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What are the symptoms of infectious diseases?

Key facts

  • Serious infectious diseases can cause severe illness in children. Even if treated, some of these diseases can have life-long effects on the children who catch them.

  • It is useful for all parents to know how to recognise the early signs of these diseases so they can get help for their children, if needed.

  • If you decide not to vaccinate your child, they will be at increased risk of catching an infectious disease, and of getting seriously ill.

Last updated on 9 June 2023.
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It is useful for parents to be able to recognise early signs of serious infectious diseases in their children, so they can get help if needed.

The risks associated with serious infectious diseases are higher for children who have not been vaccinated or who have not had all their vaccinations on time, than for those who are fully vaccinated. This includes the risk of the child catching the infection, and the risk of the infection developing into serious illness. Even with treatment, some of these diseases can have life-long effects on the children who catch them. Some children do not survive a serious childhood illness.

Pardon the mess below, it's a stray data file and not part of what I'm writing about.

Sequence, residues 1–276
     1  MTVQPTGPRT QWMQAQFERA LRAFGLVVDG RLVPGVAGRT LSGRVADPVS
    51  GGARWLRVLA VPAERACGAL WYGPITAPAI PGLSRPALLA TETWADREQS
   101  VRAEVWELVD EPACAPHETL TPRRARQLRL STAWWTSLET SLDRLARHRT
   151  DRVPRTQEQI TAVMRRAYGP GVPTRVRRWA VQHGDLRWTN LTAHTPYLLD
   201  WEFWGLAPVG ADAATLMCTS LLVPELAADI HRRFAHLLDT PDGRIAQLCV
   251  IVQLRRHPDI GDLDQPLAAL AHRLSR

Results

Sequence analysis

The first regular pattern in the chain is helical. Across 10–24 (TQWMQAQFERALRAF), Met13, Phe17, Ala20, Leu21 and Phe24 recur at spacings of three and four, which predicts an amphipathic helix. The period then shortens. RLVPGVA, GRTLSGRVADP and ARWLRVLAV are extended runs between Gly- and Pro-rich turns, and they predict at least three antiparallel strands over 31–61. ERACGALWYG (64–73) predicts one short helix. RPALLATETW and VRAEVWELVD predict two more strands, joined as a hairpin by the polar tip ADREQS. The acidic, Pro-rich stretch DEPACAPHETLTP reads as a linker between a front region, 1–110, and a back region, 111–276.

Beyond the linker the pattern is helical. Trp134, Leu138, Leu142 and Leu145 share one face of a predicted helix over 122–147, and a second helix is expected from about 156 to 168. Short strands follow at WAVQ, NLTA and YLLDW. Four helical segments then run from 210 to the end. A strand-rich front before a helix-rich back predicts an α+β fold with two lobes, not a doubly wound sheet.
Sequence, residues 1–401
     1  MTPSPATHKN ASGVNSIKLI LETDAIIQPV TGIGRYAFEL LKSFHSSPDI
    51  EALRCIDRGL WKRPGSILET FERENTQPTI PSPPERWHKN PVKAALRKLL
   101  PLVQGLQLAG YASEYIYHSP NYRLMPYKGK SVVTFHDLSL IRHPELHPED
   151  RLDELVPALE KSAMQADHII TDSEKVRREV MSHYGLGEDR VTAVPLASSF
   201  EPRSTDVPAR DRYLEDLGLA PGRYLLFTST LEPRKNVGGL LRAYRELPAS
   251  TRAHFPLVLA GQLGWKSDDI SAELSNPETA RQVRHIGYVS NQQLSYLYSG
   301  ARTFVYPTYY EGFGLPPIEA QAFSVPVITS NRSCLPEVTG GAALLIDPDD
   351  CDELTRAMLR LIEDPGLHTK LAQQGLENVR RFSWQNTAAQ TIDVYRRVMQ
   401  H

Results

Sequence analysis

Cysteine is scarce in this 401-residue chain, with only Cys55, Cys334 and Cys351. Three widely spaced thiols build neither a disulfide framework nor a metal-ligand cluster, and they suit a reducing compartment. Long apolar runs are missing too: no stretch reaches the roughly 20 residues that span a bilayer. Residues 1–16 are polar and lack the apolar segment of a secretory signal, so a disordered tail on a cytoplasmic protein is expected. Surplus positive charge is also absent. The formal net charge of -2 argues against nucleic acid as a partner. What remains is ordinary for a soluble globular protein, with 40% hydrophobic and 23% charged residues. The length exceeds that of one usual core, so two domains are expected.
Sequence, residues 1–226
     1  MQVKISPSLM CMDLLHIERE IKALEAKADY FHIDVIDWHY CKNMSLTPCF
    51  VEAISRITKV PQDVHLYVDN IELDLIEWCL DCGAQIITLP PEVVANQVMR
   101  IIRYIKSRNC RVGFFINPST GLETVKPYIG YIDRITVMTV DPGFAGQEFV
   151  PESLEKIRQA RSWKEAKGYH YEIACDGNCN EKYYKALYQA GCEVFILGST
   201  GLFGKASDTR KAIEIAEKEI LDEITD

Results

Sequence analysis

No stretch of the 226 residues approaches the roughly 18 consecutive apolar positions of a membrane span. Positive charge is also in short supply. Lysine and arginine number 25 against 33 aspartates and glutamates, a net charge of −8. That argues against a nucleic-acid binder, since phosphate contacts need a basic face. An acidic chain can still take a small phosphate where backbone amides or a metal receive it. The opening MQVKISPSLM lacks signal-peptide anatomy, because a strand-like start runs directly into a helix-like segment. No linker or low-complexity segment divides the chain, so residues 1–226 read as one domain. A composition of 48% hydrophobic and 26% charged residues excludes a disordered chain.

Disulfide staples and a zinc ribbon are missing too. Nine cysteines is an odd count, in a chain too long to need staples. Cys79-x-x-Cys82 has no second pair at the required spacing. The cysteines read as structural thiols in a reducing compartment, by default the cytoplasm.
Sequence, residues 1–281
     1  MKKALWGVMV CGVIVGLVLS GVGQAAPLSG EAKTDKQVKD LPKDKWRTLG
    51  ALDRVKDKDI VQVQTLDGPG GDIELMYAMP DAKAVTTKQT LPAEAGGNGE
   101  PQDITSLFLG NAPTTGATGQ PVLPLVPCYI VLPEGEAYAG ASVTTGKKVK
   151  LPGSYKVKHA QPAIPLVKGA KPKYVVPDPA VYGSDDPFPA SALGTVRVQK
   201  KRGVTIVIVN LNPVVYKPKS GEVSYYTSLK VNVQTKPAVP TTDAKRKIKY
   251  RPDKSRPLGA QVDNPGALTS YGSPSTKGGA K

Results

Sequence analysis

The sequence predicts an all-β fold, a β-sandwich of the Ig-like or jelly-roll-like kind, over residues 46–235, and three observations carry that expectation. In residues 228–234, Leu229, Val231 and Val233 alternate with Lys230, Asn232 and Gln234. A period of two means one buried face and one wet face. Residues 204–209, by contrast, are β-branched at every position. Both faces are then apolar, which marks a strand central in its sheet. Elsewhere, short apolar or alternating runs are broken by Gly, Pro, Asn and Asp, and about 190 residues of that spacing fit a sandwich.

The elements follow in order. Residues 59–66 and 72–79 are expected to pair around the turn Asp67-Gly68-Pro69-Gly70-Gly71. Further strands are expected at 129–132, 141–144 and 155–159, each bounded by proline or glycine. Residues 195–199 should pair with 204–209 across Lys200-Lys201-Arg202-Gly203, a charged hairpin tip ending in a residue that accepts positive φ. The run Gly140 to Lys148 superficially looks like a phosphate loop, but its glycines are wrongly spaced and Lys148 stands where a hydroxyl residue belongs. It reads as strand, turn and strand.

Symptoms to watch out for

Most serious infectious diseases in babies and children start out looking like a common cold. It can be difficult to tell when it is something more serious. Below is a list of symptoms that could be a sign of serious disease.

It is important to note that not all children who are seriously ill have one of the symptoms listed. If your child seems unusually sick, you should:

  • call an ambulance on 000
  • or go to your local emergency department or see your doctor as soon as you can
  • or call Health Direct on 1800 022 222.

Fever is a sign of many infectious diseases. The symptoms of fever can vary. A child may have a fever if they have a high body temperature, if their skin is hot to the touch, or if they are shivering even though they are warmly dressed. Fever can also make babies and young children sleepy, drowsy, or lethargic, or make their skin look pale or mottled. Fever can be a little harder to pick up in babies as they often don’t show specific symptoms; they just seem to be very sick.